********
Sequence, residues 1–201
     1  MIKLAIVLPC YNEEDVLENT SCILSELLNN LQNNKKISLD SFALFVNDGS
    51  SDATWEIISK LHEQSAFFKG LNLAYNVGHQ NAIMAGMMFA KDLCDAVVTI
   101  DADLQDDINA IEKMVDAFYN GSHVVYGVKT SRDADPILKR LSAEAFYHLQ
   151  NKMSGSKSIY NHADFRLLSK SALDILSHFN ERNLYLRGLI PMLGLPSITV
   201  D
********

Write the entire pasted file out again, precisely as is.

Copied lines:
Sequence, residues 1–201
     1  MIKLAIVLPC YNEEDVLENT SCILSELLNN LQNNKKISLD SFALFVNDGS
    51  SDATWEIISK LHEQSAFFKG LNLAYNVGHQ NAIMAGMMFA KDLCDAVVTI
   101  DADLQDDINA IEKMVDAFYN GSHVVYGVKT SRDADPILKR LSAEAFYHLQ
   151  NKMSGSKSIY NHADFRLLSK SALDILSHFN ERNLYLRGLI PMLGLPSITV
   201  D